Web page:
Men, we need to do the same thing regarding the opposite sex. We need to determine to keep our eyes and our minds on that which is pleasing to the Lord. Turn off the TV if you have to; get rid of the internet if you must, but do what you have to do to keep yourself from sinning against your God and your wife. It is wise to know your limitations and put up some fences to protect yourself. A little accountability will go a long way. And ladies, your not exempt from this either. Your lusting may not be for the opposite sex per say, but I am sure you have your weak areas as well. Maybe with you the struggle involves seeing things at the mall that you can’t afford. We all need to make this same covenant that Job made to keep us from seeing and thinking about the things that we know are not part of God’s perfect will for our lives.


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Gold

Gold

Today’s Reading – Job 22 – 26 (Click on the references to listen to the audio – Click here to view the passage from Blue Letter Bible)

(Second Milers Read – 1 Thessalonians 1 – 5; Psalms 51 – 55; Proverbs 11)

Listen to this morning’s Scripture song – Psalm 61:1 – 3

Read the “0611 Evening and Morning” devotion for today, by the late Charles Haddon Spurgeon

“But he knoweth the way that I take: when he hath tried me, I shall come forth as gold.” – (Job 23:10)

“Wherein ye greatly rejoice, though now for a season, if need be, ye are in heaviness through manifold temptations: That the trial of your faith, being much more precious than of gold that perisheth, though it be tried with fire, might be found unto praise and honour and glory at the appearing of Jesus Christ:” – (1 Peter 1:6-7)

There are several great, golden nuggets of truth in the Book of Job, and many of them are in today’s passage. I thought this morning about the statement made by Job in chapter 23, and verse 10. Job is going through the worst trial in his life. I think it would be safe to say that no other man in history was put to the test like Job. Many people have suffered the loss of health, and many others have endured the death of a child, and still more have gone through tough financial situations; but who can say that they have had to face the loss of everything they owned, and all of the children they loved, and then had to suffer through perhaps the most painful health condition known to man, all within the same time frame. Job could certainly stand alongside any man on earth, and win the “pity party” comparison. Yet, Job knew that when it was all over,that God would bring him through to the other side of the trial; and he also knew that the trial would make him a better man.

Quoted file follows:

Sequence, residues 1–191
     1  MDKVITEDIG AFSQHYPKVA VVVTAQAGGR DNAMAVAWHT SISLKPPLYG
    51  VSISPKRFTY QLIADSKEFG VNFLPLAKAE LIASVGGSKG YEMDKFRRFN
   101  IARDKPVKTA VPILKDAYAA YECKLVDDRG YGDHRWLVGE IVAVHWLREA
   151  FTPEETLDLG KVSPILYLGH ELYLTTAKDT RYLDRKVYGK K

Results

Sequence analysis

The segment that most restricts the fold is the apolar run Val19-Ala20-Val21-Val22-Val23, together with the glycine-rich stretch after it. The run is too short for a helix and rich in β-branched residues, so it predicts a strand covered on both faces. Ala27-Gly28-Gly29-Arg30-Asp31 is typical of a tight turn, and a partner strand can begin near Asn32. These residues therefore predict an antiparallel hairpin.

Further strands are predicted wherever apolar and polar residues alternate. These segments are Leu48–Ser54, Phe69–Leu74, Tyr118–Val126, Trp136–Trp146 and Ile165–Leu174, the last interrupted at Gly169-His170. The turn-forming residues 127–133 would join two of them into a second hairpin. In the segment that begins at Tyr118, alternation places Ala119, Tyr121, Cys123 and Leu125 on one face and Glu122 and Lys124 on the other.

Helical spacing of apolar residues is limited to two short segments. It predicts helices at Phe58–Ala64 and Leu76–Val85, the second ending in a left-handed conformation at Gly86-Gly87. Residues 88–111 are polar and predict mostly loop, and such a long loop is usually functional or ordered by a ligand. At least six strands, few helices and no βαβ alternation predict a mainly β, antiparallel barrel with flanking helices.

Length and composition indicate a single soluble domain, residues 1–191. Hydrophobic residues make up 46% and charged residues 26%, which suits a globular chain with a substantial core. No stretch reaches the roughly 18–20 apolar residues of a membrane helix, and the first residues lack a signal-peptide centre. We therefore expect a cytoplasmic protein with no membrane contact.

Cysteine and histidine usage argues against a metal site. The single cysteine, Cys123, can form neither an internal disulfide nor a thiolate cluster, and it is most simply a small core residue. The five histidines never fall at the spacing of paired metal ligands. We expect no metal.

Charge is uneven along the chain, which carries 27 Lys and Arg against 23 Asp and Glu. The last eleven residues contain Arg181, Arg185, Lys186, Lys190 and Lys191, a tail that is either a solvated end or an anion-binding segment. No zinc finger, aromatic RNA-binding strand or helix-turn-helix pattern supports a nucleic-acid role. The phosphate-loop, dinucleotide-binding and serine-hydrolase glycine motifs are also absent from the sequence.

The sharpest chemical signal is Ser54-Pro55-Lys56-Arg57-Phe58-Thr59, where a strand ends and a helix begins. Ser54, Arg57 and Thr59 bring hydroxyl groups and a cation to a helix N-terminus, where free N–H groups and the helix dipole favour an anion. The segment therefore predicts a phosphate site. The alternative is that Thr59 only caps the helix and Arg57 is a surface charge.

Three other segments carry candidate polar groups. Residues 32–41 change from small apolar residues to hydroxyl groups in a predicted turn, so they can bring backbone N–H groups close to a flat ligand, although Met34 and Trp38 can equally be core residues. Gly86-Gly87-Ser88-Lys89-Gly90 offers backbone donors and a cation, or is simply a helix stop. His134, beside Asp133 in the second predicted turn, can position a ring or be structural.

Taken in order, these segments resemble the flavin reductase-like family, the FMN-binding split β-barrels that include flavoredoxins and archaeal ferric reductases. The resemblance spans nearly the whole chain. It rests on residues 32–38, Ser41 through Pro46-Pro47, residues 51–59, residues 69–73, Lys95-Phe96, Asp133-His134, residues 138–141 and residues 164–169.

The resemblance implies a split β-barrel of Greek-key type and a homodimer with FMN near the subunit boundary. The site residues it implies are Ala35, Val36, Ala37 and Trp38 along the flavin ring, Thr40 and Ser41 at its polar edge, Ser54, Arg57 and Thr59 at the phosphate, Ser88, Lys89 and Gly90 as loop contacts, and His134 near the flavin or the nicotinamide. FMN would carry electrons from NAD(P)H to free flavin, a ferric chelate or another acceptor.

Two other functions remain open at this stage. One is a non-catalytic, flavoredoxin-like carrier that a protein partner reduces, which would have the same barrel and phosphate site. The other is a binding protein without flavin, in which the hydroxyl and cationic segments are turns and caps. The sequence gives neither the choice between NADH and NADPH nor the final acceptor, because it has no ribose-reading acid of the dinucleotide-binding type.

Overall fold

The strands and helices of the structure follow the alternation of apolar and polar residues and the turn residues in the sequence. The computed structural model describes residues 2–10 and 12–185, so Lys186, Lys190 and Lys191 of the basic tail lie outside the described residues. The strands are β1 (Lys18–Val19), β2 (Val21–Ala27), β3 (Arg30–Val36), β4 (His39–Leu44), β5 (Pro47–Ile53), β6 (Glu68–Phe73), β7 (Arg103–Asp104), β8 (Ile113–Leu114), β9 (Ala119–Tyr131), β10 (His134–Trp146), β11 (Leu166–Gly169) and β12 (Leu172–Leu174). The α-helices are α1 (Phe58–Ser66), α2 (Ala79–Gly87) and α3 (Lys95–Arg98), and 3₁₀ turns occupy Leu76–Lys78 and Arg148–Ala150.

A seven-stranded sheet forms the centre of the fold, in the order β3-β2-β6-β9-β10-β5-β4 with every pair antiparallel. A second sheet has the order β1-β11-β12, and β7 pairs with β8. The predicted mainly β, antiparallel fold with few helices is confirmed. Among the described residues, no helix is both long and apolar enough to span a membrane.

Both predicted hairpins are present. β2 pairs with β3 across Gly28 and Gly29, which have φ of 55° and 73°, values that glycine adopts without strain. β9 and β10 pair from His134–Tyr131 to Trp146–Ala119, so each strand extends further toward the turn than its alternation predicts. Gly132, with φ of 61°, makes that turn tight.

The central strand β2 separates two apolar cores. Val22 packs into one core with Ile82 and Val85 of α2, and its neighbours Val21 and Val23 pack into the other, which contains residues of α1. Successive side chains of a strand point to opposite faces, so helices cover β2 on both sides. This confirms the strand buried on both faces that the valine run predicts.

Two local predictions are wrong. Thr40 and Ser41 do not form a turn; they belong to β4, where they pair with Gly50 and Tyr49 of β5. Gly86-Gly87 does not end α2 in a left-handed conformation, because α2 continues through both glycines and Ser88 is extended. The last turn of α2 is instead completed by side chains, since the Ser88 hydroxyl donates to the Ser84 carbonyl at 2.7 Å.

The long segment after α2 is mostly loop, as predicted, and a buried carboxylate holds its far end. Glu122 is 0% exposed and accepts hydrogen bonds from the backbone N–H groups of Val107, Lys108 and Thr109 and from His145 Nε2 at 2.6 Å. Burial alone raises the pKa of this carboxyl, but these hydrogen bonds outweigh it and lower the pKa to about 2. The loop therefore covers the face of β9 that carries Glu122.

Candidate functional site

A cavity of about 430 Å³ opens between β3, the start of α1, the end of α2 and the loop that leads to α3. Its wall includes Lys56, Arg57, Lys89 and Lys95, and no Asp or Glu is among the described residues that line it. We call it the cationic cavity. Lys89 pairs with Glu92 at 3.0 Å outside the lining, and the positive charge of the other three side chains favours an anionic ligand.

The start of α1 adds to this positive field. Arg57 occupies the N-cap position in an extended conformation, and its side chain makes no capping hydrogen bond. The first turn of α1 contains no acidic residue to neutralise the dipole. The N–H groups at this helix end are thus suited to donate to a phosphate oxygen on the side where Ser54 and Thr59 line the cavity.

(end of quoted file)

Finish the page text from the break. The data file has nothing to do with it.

All men will endure the hardships of trials, but to experience suffering for no apparent reason can be especially difficult. Job did nothing to deserve the treatment that he was receiving at the hand of Satan, but God would use Job’s suffering to accomplish a few wonderful things. First, He would prove to Satan that there are some men who will retain their integrity, even under the most difficult of circumstances. Second, though Job was a good man, even a great man when compared among men, this trial would make him a still better man. I believe Job had a better understanding of the greatness of his Creator, and also a better grasp of his own frail humanity as a result of this ordeal. But, perhaps the greatest thing that God would reveal to us through Job’s trial, is that we can trust God. He won’t allow us to go through something that is greater than our ability to glorify Him through. He loves us. He doesn’t punish, but He does correct us at times through the trials and sufferings of life. Sometimes the trials are a direct result of sin, but they are often just God’s way of bringing us to the next level of faith. And if we will allow God to have His way in our lives, we too can come forth as gold; better servants, and better sons: more equipped to represent Him as the ambassadors of His glorious gospel.


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The Words of My Mouth

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Today’s Reading – Job 19 – 21 (Click on the references to listen to the audio – Click here to view the passage from Blue Letter Bible)

(Second Milers Read – Colossians 1 – 4; Psalms 46 – 50; Proverbs 10)

Listen to this morning’s Scripture song – Psalm 55:17

Read the “0610 Evening and Morning” devotion for today, by the late Charles Haddon Spurgeon

Then Job answered and said, How long will ye vex my soul, and break me in pieces with words? (Job 19:1 & 2)

You didn’t have to read long this morning to find a great truth from today’s passage. Job is in the middle of the discourse with his three ‘friends’ who are accusing him of all kinds of wickedness; adding sorrow on top of sorrows. He is already as low as he can go, but these guys continue to beat him and kick him when he is down; and their weapons are their tongues.